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Publication numberUS3759036 A
Publication typeGrant
Publication dateSep 18, 1973
Filing dateMar 1, 1970
Priority dateMar 1, 1970
Publication numberUS 3759036 A, US 3759036A, US-A-3759036, US3759036 A, US3759036A
InventorsR White
Original AssigneeChevron Res
Export CitationBiBTeX, EndNote, RefMan
External Links: USPTO, USPTO Assignment, Espacenet
Power generation
US 3759036 A
Abstract
A process for gasifying waste material and producing energy which comprises contacting a solid organic waste material containing at least 10 weight percent oxygen with steam in the presence of an alkali metal carbonate catalyst at an elevated temperature to obtain a gas, combusting at least a portion of said gas to obtain combusted gases, and expanding the combusted gases through a turbine to rotate the turbine. Preferably, the energy of the rotating turbine is used to drive an electricity generator. It is strongly preferred to use a potassium carbonate catalyst in the gasification of the oxygen-containing waste material. Preferably feedstocks include ordinary municipal refuse or garbage having the requisite oxygen content and usually having a more preferred oxygen content above at least 20 weight percent oxygen.
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Description  (OCR text may contain errors)

United States Patent [191 White 1 Sept. 18, 1973 POWER GENERATION [75] Inventor: Robert J. White, Pinole, Calif.

[73] Assignee: Chevron Research Company, San

Francisco, Calif.

[22] Filed: Mar. 1, 1970 [21] Appl. No.: 119,820

Related US. Application Data [63] Continuation-in-part of Ser. No. 34,834, May 5, 1970.

[52] US. Cl. 60/39.05, 60/39.]2, 48/209 UX, 210/63 [51] Int. Cl. F02g 3/00 [58] Field of Search 60/3905, 39.04, 60/3912; 210/63; 48/209 UX [56] References Cited UNITED STATES PATENTS 3,252,773 5/1966 Solomon et al. 48/209 UX 1,773,959 8/1930 Crow 201/21 X 2,614,915 10/1952 Hirsch 60/39.]2

2,773,026 12/1956 Cederquist 210/63 3,101,592 8/1963 Robertson et al. 60/3905 2,735,266 2/1956 Atherton 60/3912 2,944,396 7/l960 Barton et al. 60/3912 ORGANIC MATER|A| CATALYST SOLUTION SOLID WASTE 2,624,l72 l/l953 Houdry 60/3904 Primary Examiner-Carlton R. Croyle Assistant Examiner-Warren Olsen Attorney-J. A. Buchanan, Jr., G. F. Magdeburger, L.

H. Davies and T. Gale Jonghe ABSTRACT A process for gasifying waste material and producing energy which comprises contacting a solid organic waste material containing at least 10 weight percent 0xygen with steam in the presence of an alkali metal carbonate catalyst at an elevated temperature to obtain a gas, combusting at least a portion of said gas to obtain combusted gases, and expanding the combusted gases through a turbine to rotate the turbine. Preferably, the energy of the rotating turbine is used to drive an electricity generator. It is strongly preferred to use a potassium carbonate catalyst in the gasification of the oxygen-containing waste material. Preferably feedstocks include ordinary municipal refuse or garbage having the requisite oxygen content and usually having a more preferred oxygen content above at least 20 weight percent oxygen.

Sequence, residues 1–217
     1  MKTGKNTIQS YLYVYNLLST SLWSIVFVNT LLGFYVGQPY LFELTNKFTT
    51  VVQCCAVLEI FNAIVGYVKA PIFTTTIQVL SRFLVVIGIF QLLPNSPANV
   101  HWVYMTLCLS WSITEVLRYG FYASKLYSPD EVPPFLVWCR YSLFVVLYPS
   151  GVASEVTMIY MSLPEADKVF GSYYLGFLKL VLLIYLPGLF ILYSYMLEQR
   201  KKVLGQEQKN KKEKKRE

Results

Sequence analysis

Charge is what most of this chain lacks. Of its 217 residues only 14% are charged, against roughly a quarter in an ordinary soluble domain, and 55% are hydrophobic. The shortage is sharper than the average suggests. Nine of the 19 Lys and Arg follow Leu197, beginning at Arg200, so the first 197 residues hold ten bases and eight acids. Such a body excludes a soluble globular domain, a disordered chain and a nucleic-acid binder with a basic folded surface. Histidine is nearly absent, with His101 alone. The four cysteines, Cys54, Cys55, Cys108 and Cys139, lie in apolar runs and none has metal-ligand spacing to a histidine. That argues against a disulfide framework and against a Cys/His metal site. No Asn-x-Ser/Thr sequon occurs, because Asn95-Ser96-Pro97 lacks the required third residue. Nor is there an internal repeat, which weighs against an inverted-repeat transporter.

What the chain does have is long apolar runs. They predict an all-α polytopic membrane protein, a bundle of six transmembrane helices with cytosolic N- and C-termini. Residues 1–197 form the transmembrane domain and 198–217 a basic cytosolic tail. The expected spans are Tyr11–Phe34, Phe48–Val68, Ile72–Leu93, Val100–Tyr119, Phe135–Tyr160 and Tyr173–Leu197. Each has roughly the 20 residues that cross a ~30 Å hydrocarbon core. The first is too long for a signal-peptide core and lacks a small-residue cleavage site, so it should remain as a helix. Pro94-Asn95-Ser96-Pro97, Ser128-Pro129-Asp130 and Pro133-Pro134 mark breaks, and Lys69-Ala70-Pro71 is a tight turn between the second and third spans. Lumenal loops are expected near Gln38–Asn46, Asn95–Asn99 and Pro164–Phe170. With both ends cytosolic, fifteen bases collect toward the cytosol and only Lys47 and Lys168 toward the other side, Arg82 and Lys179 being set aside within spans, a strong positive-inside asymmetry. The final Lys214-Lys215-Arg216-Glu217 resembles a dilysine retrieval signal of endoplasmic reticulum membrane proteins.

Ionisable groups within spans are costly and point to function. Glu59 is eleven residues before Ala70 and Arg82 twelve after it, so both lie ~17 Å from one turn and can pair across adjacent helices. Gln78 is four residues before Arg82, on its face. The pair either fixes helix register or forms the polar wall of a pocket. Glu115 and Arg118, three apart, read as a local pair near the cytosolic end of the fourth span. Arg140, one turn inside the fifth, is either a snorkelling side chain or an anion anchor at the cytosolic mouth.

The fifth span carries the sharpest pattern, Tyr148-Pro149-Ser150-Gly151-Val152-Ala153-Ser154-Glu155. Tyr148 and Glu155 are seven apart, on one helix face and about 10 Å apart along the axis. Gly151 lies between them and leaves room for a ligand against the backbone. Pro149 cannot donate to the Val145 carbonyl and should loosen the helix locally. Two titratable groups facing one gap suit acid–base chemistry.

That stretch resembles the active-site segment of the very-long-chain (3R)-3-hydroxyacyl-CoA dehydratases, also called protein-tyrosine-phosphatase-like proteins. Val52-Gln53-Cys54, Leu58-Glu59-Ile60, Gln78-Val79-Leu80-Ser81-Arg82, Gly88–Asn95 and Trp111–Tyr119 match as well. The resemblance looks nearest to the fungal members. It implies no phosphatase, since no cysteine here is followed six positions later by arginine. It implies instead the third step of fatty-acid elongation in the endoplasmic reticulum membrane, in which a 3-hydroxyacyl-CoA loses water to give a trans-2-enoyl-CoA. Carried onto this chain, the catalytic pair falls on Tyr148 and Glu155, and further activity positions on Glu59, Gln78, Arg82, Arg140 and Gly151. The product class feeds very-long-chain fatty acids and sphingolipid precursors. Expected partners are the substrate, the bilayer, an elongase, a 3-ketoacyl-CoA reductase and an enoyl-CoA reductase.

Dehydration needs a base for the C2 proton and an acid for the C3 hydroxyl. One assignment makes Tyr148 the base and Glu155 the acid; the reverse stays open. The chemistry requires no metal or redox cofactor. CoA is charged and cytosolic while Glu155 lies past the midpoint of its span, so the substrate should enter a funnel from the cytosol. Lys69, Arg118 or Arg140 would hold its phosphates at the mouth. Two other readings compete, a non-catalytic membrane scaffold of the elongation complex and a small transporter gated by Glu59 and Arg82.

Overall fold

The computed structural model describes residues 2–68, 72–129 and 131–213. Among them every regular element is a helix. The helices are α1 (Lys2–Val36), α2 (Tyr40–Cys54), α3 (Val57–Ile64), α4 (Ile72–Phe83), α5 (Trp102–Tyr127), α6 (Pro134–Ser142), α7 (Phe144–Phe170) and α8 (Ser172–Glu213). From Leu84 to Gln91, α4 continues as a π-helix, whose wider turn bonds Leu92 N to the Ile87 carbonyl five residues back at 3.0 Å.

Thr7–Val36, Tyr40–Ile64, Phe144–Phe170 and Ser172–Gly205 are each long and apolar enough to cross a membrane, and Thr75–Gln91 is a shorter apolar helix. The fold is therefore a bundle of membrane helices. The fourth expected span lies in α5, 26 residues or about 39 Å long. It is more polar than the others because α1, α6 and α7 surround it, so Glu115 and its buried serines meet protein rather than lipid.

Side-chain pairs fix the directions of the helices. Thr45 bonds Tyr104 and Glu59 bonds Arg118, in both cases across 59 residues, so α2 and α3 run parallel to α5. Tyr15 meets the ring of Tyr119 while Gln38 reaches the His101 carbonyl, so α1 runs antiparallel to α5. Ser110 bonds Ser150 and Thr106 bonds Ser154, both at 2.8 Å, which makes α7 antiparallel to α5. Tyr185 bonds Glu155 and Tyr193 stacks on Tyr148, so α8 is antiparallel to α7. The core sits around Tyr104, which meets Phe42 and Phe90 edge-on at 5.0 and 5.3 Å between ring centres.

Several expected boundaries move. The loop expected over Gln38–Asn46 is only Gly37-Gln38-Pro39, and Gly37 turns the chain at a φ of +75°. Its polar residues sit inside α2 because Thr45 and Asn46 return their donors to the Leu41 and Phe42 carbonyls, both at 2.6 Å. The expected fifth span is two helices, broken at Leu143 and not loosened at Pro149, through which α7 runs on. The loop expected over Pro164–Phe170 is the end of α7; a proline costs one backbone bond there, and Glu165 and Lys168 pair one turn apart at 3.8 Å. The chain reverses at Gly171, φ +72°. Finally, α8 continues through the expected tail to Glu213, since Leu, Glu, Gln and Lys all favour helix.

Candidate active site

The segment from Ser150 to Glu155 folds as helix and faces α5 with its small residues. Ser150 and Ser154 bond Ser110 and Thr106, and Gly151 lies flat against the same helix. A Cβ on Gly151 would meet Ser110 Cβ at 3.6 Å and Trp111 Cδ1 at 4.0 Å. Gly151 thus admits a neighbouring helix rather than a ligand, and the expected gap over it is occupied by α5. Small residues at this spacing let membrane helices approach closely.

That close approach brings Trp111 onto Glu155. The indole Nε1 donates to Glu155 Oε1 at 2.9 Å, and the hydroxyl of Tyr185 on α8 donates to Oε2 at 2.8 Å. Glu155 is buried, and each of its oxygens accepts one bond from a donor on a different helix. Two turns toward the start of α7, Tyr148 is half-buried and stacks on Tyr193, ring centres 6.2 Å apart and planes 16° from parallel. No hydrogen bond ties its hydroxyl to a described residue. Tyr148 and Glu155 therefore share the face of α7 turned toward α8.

14 Claims, 1 Drawing Figure l m I/ 2 /5 HEAT GAS 6 RECOVERY PURIFICATION E L C02 14 27 O 25 19 CO 2/ i 2 l 9 H o GAS a I r SHIFT A v CONVERSION E 8 L SANITARY 7 A RESIDUE (ASH) l 24 AIR /0 H2 FLUE GAS GAS COMBUSTION HOT TURBINE ZONE GAS (POWER GENERATION) 1.. POWER GENERATION CROSS REFERENCES This application is a Continuation-in-Part of Ser. No. 34,834, filed May 5, 1970, entitled Catalytic Hydrogen Manufacture, the disclosure of which application is incorporated by reference in the present patent application.

BACKGROUND OF THE INVENTION steam-hydrocarbon reforming, partial oxidation of hydrocarbons, Lurgi heavy hydrocarbons gasification, the traditional steam, red-hot coke reaction, modified methods of reacting carbonaceous matter with steam and oxygen, such as described in US. Pat. No. 1,505,065, coal gasification and lignite gasification.

The two leading processes, that is, the two processes which are most frequently used to generate hydrogen, are steam-hydrocarbon reforming and partial oxidation of hydrocarbons.

In typical steam reforming processes, hydrocarbon feed is pretreated to remove sulfur compounds which are poisons to the reforming catalyst. The desulfurized feed is mixed with steam and then is passed through tubes containing a nickel catalyst. While passing through the catalyst-filled tubes, most of the hydrocarbons react with steam to form hydrogen and carbon oxides. The tubes containing the catalyst are located in a reforming furnace, which furnace heats the reactants in the tubes to temperatures of 1,200F. 1,700F. Pressures maintained in the reforming furnace tubes range from atmospheric to 450 psig. If a secondary reforming furnace or reactor is employed, pressures used for reforming may be as high as 450 psig to 700 psig. In secondary reformer reactors, part of the hydrocarbons in the effluent from the primary refon'ner is burned with oxygen. Because of the added expense, secondary reformers are generally not used in pure hydrogen manufacture, but are used where it is desirable to obtain a mixture of H and N as seen in ammonia manufacture. The basic reactions in the steam reforming process are:

In typical partial oxidation processes, a hydrocarbon is reacted with oxygen to yield hydrogen and carbon monoxide. Insufficient oxygen for complete combustion is used. The reaction may be carried out with gaseous hydrocarbons or liquid or solid hydrocarbons, for example, with methane, the reaction is: